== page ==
September 15, 2011 // 0 Comments

Friday–Sunday September 16–18 Fallfest 2011—stage shows begin at 6 p.m. Friday; workshops at 10 a.m., band scramble at noon, featured performers at 1:30 p.m. Saturday; gospel begins at 10 a.m., followed by auditions and $100 drawing on Sunday; jamming all weekend, presented by the West Michigan Bluegrass Music Association. Also enjoy a bake sale, pie-eating contest, kids’ activities, and crafts for non-musicians. Weekend tickets at the gate are $25; all children age 15 and under are free with an adult. Day passes are $10 Friday, $17 Saturday, and $5 Sunday. For more information, visit or call Dave Simmonds at (616) 897-6220. Saturday, September 17 Rockford Farm Market—8 a.m. to 1 p.m. every Saturday through October 29 in the South Squires Street parking lot, off Main St., downtown Rockford, featuring Michigan-grown produce, fresh baked goods, flowers, plants and much more. Bark for Life—9 a.m. to 1 p.m. on the White Pine Trail, Rockford. Celebrate with your four-legged loved ones and honor the caregiving qualities of our canine companions. Event begins at 235 N. Main St. (near Rockford Footwear Depot) and travels along the trail to Richardson-Sowerby Park. This Relay for Life event raises funds and awareness for the American Cancer Society. At the park, opportunities will be available for dog massages, pedi-for-a-cure, contests, and games for dogs and their humans. To register or for more information, visit and click on the Bark for Life tab, or search for “Bark for Life Rockford, MI” on Facebook. Mad Science—10 a.m. at Krause Memorial Library, 140 E. Bridge St., Rockford. Grab your lab coat and join us for wild experiments and hands-on, multisensory fun (for ages 6 and up). For more information, visit or call (616) 647-3940. Sunday, September 18 Roast Beef Dinner—11:30 a.m. to 2 p.m. at the Rockford Veterans of Foreign Wars Post 3946, 4195 Thirteen Mile Rd., Rockford. Cost is $8 for adults; $3.50 for children. Takeouts and deliveries are available. Come enjoy the “best dinner in town!” prepared by our chef Fred Chambers. For deliveries, call (616) 866-2675 by 11:30 a.m. the day of the dinner. For more information, visit Monday, September 19 Griefshare—7 p.m. at Resurrection Life Church, fireside room, on 10 Mile Rd., Rockford. This grief recovery support group, where […]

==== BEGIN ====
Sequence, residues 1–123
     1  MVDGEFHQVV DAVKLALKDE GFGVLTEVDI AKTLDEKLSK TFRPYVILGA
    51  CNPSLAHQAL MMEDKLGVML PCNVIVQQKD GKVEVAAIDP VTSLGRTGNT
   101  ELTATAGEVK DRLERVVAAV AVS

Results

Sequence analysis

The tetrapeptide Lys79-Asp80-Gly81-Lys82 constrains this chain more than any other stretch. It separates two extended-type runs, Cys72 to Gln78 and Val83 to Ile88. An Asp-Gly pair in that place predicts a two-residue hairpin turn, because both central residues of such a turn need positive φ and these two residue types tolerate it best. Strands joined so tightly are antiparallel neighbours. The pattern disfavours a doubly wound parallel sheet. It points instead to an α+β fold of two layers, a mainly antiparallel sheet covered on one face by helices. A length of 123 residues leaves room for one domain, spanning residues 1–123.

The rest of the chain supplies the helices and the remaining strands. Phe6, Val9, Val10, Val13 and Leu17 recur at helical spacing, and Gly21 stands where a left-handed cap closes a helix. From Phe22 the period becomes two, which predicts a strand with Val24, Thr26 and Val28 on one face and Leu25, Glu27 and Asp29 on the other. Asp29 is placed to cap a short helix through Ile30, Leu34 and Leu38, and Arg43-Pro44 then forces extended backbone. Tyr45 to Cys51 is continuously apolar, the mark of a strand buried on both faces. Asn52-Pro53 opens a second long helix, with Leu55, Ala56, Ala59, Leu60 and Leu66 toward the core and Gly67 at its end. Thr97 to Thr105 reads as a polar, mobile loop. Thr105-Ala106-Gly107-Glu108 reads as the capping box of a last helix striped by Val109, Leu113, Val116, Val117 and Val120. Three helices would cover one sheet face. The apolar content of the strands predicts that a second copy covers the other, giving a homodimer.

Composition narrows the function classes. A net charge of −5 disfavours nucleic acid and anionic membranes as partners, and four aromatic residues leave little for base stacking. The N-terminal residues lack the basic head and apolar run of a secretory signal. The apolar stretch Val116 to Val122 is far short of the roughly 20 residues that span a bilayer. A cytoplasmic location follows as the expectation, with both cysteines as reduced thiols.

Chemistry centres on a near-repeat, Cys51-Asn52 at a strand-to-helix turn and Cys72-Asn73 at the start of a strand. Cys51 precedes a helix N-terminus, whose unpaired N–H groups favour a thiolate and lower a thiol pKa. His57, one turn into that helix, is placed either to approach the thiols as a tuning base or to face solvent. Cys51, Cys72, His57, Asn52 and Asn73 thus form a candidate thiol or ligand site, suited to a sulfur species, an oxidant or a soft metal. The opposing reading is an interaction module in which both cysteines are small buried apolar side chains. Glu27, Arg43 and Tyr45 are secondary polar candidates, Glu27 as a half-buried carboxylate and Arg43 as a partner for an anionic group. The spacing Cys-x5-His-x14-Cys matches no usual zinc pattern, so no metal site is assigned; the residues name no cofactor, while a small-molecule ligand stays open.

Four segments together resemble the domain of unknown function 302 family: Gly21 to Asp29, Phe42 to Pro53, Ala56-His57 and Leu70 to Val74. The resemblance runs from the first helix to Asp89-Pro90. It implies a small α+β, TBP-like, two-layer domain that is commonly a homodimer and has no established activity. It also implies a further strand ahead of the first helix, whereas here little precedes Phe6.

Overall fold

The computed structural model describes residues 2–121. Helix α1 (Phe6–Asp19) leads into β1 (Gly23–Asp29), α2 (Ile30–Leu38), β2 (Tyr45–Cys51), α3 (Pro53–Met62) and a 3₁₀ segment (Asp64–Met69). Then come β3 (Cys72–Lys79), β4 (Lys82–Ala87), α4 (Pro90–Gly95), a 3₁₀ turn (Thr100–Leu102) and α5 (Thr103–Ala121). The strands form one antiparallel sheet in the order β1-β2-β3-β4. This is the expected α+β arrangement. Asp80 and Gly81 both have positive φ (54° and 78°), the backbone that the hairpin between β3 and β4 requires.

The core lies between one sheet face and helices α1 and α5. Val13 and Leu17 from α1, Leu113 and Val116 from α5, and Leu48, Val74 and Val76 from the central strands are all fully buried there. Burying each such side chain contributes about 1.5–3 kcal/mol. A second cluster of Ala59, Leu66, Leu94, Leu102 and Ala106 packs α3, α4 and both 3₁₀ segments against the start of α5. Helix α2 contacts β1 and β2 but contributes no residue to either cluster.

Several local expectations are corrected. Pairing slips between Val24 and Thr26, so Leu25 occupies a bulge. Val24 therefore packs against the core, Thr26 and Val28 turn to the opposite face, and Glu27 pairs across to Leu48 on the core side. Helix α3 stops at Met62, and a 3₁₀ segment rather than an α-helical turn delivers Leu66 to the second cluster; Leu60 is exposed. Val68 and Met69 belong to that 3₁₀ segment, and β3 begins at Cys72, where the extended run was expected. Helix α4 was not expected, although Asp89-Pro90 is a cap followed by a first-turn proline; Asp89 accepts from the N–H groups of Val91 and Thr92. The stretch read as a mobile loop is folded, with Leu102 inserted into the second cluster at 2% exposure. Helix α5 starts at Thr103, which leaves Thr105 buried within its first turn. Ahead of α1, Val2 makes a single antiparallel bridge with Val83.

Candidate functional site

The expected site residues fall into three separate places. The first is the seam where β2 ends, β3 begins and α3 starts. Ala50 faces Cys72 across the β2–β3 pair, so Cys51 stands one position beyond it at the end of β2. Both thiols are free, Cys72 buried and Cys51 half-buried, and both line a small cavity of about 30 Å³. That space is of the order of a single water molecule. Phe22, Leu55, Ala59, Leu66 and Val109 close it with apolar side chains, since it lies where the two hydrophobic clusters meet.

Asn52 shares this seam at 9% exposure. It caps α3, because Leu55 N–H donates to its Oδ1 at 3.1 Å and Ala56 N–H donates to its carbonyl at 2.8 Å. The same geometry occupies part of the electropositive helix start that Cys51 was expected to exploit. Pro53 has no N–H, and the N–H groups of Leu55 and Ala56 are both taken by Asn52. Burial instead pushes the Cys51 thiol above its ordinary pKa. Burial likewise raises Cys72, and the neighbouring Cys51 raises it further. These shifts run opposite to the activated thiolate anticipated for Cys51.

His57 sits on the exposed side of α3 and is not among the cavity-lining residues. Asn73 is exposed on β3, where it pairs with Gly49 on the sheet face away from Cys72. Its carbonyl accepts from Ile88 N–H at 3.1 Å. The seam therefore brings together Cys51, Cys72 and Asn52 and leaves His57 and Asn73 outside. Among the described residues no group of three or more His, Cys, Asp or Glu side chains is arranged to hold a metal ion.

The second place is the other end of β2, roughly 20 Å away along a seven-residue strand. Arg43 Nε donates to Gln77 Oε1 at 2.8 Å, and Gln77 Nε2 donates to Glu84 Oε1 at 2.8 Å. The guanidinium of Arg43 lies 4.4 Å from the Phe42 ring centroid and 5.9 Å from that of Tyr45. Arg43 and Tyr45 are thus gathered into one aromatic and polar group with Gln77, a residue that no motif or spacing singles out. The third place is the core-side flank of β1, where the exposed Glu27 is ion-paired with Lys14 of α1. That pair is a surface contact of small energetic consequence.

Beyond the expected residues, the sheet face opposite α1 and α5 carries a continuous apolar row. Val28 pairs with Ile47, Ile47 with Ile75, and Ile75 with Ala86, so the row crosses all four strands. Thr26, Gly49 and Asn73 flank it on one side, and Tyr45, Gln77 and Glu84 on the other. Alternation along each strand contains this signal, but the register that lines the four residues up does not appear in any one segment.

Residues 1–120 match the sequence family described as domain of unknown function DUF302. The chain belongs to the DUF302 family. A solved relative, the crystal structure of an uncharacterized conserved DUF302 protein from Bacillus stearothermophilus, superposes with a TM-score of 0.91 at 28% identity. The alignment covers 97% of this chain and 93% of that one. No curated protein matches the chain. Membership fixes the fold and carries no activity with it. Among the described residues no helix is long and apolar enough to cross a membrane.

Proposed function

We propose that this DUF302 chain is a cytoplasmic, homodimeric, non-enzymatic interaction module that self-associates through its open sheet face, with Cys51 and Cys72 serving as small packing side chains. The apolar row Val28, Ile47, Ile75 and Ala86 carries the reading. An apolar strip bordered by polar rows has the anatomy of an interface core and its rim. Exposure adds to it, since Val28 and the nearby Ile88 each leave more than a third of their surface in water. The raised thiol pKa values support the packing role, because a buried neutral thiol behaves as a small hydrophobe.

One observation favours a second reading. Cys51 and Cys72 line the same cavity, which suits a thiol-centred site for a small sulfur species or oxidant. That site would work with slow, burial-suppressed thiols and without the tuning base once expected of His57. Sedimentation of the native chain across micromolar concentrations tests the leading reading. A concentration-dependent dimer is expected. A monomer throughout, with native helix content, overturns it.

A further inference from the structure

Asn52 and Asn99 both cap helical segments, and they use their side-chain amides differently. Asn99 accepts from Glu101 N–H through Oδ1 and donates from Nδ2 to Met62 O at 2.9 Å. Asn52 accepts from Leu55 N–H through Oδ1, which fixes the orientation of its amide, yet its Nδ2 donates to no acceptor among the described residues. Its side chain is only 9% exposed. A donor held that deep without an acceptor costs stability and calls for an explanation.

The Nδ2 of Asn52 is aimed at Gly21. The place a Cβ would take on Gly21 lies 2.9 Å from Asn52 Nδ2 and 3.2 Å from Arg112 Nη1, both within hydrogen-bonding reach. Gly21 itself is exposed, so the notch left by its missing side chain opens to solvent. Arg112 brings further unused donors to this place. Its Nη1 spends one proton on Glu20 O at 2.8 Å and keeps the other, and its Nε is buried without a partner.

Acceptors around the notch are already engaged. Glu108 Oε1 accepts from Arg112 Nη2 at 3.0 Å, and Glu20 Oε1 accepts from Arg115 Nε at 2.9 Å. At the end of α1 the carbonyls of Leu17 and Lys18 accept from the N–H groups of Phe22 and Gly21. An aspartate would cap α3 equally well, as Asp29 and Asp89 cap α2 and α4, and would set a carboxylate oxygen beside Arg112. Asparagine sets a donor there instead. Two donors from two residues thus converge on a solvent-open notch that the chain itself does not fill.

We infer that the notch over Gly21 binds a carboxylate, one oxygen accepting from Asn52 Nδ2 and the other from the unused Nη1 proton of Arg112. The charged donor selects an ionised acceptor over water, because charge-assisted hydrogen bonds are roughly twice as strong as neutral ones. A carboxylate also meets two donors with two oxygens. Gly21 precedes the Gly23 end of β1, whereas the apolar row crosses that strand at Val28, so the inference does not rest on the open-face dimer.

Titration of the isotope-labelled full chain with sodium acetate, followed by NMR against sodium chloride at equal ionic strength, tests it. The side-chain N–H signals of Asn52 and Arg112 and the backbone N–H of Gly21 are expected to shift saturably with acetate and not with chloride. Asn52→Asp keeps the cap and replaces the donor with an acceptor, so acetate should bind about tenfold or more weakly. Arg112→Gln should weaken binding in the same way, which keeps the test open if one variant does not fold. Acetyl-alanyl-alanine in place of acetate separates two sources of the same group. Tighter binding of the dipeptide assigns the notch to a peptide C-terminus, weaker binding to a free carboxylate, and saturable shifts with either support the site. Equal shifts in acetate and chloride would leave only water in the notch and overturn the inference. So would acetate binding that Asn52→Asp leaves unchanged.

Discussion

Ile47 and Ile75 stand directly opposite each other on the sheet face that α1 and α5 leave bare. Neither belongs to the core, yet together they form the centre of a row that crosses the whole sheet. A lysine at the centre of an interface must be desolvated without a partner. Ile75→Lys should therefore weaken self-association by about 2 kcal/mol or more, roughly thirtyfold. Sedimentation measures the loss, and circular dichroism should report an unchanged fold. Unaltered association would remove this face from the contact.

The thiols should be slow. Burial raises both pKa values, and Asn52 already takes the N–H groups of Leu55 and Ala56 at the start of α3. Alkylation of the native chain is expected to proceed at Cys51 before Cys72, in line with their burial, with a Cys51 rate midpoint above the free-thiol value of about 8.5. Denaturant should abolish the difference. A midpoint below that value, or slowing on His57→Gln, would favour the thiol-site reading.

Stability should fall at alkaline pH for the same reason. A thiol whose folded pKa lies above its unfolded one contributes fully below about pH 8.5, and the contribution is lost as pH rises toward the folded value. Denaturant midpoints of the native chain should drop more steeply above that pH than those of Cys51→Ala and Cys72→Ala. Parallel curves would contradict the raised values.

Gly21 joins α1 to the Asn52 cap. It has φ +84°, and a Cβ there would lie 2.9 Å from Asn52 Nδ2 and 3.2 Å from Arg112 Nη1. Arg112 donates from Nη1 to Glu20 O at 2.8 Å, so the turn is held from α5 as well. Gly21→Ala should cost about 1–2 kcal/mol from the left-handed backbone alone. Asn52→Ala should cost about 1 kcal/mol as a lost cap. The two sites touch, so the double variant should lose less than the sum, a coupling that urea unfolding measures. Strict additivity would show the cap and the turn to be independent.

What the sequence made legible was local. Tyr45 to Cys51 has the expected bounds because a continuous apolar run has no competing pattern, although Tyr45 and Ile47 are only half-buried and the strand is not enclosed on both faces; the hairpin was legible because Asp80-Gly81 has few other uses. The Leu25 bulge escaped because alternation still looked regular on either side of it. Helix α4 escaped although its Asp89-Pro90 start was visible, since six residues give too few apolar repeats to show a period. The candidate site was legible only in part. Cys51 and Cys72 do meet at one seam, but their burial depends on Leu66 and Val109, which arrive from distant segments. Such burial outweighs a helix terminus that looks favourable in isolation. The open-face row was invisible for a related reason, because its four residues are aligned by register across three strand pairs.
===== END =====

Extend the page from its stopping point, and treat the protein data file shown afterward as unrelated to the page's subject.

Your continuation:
A Message for You